Among the Masters of No.30 it is worth mentioning that Bro. Hugh Seton of Touch, who held office from 1746 to 1748, was elected Grand Master Mason of Scotland in 1748-49. Coming to more recent times an outstanding Master of the Lodge was Bro. George Christie, Provost of Stirling, and P.G. Master of Stirlingshire from 1893 to 1903The ex-Provost was also a member of Lodge No.76 and was in a way responsible for my becoming a member thereof.  There was no direct attack, merely "Well, when are you corning up?" But when he came to Mrs. Hogg, my mother-in-law, it was different – “Tom must join 76.” It wasn’t usual in the early nineties of last century for a mother-in-law to advise a son-in-law to join the Masons, but the Provost's reiteration of the command became so frequent that I was requested for any favour to become a Mason at once if I had any inclination in that direction.  I had, and that ended the matter to Mrs. Hogg's relief.  R.W.P.G.M. for two terms of five years each, ex-provost Christie was a popular chief. He was candid in criticism, but at the same time generous in praise.  His end was sudden - he dropped down dead when leaving a hotel in London.   He had married an English lady belonging to Lancashire and by her wish was buried in Timperley Church­yard.  His successor as P.G.M., Brother William Black, Falkirk. The P.G. Secretary and Bro. J. G. Murray and myself attended the funeral, which took place from Altrin­cham, and I shall never forget the journey by coach.  One of the occupants at regular intervals in mournful tones proclaimed to his audience of three, “He was a wonderful man."  It was true, more true in fact than the speaker realised.  It may be that some time in the future a Son of the Rock will in his travels come across a monument to a Provost of the City of the Rock in Timperley Churchyard and marvel how it came to be there. His surprise will be no greater than mine when travelling by road from Chester to Wrexham for a Scotland V. Wales " soccer" International match, I passed a cottage rejoicing in the name of Ochilbank and later, on visiting Wrexham Cathedral, I found a monument to a Murray of Polmaise.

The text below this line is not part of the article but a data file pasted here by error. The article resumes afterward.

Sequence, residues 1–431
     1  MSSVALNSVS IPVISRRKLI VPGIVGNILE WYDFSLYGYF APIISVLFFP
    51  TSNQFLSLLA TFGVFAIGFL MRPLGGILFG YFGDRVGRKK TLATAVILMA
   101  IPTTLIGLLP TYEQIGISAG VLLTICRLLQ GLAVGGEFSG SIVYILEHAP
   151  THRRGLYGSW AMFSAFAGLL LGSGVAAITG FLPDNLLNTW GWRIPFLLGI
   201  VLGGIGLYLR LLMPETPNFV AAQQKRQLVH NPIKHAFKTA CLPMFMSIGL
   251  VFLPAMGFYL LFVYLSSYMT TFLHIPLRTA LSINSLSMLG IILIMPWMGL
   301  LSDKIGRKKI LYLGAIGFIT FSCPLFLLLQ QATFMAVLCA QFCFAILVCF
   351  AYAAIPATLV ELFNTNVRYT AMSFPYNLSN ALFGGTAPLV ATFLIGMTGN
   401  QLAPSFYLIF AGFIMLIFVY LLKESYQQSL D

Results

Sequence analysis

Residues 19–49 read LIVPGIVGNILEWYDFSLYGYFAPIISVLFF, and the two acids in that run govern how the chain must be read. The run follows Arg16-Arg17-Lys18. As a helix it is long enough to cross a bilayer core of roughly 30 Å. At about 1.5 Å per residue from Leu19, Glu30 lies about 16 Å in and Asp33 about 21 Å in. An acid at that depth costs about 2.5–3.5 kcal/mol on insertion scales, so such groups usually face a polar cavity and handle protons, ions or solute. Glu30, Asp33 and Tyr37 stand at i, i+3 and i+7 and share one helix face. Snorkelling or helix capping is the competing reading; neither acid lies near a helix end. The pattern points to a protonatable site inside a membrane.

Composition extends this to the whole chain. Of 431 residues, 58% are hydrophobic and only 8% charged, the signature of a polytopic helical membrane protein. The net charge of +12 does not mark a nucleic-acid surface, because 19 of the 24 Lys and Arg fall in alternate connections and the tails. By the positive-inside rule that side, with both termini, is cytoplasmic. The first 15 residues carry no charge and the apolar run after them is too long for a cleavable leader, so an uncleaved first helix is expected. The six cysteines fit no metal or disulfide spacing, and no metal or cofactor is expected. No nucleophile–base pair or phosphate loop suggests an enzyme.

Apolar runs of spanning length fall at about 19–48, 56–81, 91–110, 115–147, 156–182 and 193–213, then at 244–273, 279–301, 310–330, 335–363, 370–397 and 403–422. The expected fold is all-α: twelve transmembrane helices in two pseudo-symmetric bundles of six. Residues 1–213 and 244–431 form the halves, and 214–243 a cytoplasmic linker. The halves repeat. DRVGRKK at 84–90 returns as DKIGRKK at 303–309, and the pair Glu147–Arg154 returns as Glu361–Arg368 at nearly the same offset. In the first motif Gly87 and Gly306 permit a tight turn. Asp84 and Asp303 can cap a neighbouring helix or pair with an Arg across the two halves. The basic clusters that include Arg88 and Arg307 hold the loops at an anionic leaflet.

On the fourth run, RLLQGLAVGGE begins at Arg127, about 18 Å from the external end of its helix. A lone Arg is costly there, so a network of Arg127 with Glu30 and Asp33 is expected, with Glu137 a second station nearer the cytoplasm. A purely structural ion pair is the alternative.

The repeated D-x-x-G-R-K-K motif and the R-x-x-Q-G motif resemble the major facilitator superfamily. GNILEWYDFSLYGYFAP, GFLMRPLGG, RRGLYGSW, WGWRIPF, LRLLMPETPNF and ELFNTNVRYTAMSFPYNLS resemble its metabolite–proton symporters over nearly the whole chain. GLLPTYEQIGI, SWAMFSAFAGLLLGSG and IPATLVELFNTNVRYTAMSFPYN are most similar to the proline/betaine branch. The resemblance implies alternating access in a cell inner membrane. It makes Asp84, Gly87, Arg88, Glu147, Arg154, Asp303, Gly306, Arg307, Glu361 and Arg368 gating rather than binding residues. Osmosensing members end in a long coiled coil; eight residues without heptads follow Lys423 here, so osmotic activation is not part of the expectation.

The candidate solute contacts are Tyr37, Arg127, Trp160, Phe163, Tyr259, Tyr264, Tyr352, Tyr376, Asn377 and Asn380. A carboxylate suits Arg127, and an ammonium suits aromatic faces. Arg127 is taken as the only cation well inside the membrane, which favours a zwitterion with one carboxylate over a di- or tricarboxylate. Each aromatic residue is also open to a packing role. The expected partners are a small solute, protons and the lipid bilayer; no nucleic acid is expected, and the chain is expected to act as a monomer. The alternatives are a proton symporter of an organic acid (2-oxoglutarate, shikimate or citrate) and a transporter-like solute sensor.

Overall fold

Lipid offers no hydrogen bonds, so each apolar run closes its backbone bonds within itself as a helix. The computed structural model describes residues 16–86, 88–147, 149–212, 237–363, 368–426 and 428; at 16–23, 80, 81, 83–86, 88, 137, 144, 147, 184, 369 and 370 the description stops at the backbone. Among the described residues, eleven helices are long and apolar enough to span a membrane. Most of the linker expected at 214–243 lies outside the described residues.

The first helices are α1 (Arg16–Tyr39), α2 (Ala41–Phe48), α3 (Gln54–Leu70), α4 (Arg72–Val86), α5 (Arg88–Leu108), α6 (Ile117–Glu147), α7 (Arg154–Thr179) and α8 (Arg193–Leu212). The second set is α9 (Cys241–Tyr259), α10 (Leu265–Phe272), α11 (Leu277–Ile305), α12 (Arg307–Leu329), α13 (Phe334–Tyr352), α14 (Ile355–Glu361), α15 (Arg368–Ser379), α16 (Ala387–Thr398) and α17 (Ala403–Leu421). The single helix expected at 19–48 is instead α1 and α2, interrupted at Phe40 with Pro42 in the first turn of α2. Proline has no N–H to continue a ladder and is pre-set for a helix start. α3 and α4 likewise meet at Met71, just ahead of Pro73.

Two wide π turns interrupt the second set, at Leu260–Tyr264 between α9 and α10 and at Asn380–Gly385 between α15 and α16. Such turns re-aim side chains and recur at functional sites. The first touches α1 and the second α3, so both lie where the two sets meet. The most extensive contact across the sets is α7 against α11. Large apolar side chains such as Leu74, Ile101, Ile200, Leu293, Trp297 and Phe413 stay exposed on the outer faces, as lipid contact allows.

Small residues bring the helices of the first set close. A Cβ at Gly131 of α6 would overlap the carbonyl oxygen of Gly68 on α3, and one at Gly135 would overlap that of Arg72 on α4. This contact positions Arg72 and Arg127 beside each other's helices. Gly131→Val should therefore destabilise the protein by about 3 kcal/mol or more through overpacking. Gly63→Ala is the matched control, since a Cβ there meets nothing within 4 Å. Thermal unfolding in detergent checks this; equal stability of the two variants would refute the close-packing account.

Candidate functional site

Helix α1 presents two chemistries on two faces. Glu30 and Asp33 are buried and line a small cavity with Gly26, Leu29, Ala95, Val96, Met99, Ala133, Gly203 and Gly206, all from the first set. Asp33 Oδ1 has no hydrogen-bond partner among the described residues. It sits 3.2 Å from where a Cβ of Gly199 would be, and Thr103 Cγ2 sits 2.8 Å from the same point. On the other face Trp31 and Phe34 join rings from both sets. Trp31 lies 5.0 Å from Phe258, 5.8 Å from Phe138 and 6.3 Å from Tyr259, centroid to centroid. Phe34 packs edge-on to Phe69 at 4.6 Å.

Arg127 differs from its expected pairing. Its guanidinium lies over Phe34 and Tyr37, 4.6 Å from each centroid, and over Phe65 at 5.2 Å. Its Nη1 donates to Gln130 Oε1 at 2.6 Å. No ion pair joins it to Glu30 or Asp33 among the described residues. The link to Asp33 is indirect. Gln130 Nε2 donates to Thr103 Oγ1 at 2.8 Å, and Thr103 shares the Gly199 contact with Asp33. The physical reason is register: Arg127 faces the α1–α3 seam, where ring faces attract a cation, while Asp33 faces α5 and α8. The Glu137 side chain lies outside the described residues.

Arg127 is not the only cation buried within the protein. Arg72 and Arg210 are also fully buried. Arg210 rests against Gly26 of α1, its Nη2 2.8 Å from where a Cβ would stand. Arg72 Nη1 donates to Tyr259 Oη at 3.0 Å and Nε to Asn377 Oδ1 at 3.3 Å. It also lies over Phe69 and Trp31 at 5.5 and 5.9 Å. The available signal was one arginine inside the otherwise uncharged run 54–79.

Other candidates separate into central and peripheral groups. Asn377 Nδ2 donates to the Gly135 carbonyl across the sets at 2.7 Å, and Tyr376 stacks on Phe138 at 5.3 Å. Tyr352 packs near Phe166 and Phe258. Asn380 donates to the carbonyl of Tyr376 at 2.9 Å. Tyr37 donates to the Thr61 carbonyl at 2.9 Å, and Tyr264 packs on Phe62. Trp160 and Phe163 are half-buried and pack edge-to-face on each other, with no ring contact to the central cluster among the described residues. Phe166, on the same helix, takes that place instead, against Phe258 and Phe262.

To Brother Christie as P.G.M. succeeded Brothers William Black, A. W. Gray Buchanan, Dr. Edmund Eustace Dyer and Andrew Hunter, all good men and Masons to whom I would willingly have paid tribute here had space permitted.  On the death of Bro. Hunter, his successor was found in the person of Bro. Brigadier-General Sir Norman A. Orr Ewing, Bart., D.S.O., A.D.C., V.L., a Past Master of Ancient 30, and Laird of Cardross, Port of Mentieth. A more popular choice could not have been made. The Province of Stirlingshire’s appreciation of Sir Norman’s merits has been fully endorsed by the Grand Lodge of Scotland in which he holds the rank of Grand Master Depute to the Grand Master elect, The Duke of York.  But for the death of King George, the Grand Master would have been the Prince of Wales, who, however, on constitutional grounds could not hold office. That the successor to the Duke of York will be ---- I leave to the readers to fill in the blank as I have no desire to have the Masonic equivalent of pack drill meted out to me. But it won’t be the first occasion on which the Province of Stirlingshire has provided Grand Lodge with a Master.

In his choice of assistants Sir Norman showed excellent judgment in giving commissions as Master Depute to Bro Daniel Robertson, Past P.G. Treasurer and P.M. of No.16. and as Substitute Master to Bro. Colonel A. R. Bain, M.C., P.M, of No.30.  Here we have experience and enthusiasm combined in a marked degree.  It was, it may be mentioned, these two Lodges -- only 16 had the number 14 at the time -- which composed the P. G. Lodge when it was erected on 6th February, 1745, with Bro. John Callendar of Craigforth as P.G.M. A century later the Lodges had increased to seven, the additional ones being Nos. 69 (Alloa), 76 (Stirling), 139 (then 138, Carron), 176 (Denny and Loanhead), and 312 (Bannockburn). In the present year of grace there are twenty Lodges, the foregoing and Nos. 391 (Grangemouth), 484 (Slamannan), 531 (Bridge of Allan), 588 (Falkirk), 598 (Kincardine-on-Forth, 771 (Alva), 780 (Balfron), 782 (Tillicoultry), 793 (Brightons, Polmont Station), 850 (Dollar), 911 (Bonnybridge), 1268 (Buchlyvie) and 1303 (Clackmannan). There is plenty of work for the P.G. Master, the Depute and his Substitute. I can testify to that after being S.P.G.M. for two periods of Dr. Dyer's Mastership of twenty years.  Sir Norman has also been fortunate in securing as P.G. Secretary Brother Thomas Pitcairn, Town Clerk Depute of Falkirk, a very worthy successor to the late Bro. James Brown, and to Bro. J. G. Murray, and incidentally a most accomplished Installing Master whose services are in constant demand and ungrudgingly given.  As to the Chap­lains -- the Rev. Dr. Boyd of Menstrie and the Rev. J. J. S. Thomson, M.C., M.A., Larbert, the Senior is welcome in every Lodge in the Province and the Junior has but to follow in the Senior's footsteps to attain a like popularity.